Master Forrest G. Blair

The Master Instructor’s Garden

The following is a reprint, but a wonderful article about the plight of the martial arts instructor. I published it years ago and then again in our July 2007 newsletter at Moo Duk Kwan Martial Arts:

To the casual observer, martial arts classes resemble a common activity like baseball practice or ballet lessons. The student does the prescribed drills and then goes on to the next activity or event. Indeed many modern schools of thought appeal to instant gratification and are quick to keep the student from getting bored, but is this martial arts?

Martial arts is a mind, body, and spirit “character developing up-lifter” when taught correctly. This is written so that you the student, parent, or guardian will be able to share some insight from the master instructor’s files. It is my hope that this will deepen your appreciation and understanding of the martial arts.

Imagine three bags full of seeds. One for the body. One for the mind. One for the spirit, character, and self-esteem. The student is the ground. Seeds come in many forms. Some grow up over night and some take months, while others bloom but once a year. The seeds of classical martial arts are time tested, true, and of a knowledge that produces success.

Every day the master instructor surveys the field (training hall). He waters the field with a smile or a kind word, prunes a plant (student) with a technical correction, pulls a weed (distraction or interruption) with a glare, etc. Then he waits and hopes in eager anticipation, repeating the process patiently again and again. An old Chinese proverb says, “You cannot make a plant grow by pulling at the roots!” Many observers see a karate class like only a sports team. The master instructor looks at the individual pots and the progress of the seeds. First comes the sprout, then the blade, then the pod, followed by the flower and then the fruit. Given time the student can eat the fruit, save the seeds, and plant the next crop – a process that repeats over and over in every area of life. The student has learned success, built upon a firm foundation that has been carefully cultivated through the balanced working of the interaction of the mind, the body, and the spirit.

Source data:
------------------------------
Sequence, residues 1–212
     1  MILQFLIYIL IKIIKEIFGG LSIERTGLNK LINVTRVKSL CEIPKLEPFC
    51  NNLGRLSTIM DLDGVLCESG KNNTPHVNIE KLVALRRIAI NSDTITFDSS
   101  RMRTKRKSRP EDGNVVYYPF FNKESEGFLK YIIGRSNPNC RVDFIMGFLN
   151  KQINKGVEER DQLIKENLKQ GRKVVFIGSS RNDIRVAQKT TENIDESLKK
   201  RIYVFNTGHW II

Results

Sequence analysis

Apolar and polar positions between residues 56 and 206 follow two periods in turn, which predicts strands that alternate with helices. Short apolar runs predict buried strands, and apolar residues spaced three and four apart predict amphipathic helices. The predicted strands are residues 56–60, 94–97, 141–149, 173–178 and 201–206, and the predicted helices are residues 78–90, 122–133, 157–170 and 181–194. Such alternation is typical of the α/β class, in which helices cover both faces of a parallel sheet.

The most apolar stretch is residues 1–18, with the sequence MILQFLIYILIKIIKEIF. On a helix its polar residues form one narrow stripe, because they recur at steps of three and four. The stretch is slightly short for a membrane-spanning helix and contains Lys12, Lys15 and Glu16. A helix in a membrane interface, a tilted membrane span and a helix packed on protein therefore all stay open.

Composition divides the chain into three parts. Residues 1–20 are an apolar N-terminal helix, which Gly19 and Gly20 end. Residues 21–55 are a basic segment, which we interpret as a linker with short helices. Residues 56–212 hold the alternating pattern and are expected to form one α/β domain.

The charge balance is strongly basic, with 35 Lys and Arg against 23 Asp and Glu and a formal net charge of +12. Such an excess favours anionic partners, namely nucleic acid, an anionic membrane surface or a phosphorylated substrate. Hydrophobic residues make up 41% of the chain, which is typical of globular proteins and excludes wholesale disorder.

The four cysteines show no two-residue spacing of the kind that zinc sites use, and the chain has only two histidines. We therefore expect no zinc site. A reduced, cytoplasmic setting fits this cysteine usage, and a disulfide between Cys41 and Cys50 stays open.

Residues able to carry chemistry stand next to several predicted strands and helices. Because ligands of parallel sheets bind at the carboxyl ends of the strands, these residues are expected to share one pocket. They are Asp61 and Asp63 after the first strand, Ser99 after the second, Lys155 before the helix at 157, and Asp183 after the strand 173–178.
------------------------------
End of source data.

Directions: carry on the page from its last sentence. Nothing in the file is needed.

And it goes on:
3 Responses to “The Master Instructor’s Garden”

  1. Shawn says:

    This is a wonderful view of teaching and learning. It is also a clever article to use as a first blog becasue it connects teacher, student and parent. It reminds me not to become frustrated when I feel like I am not at pace with my peers. I look forward to more postings.

  2. Good Write up! Well writen, enjoying your blog and Ill check back to see any of your updates. You know I tend to disagree with a lot of debate about all of this as well.

    What you said made sense.

    Thanks

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  3. Alex says:

    Your blog is interesting!

    Keep up the good work!

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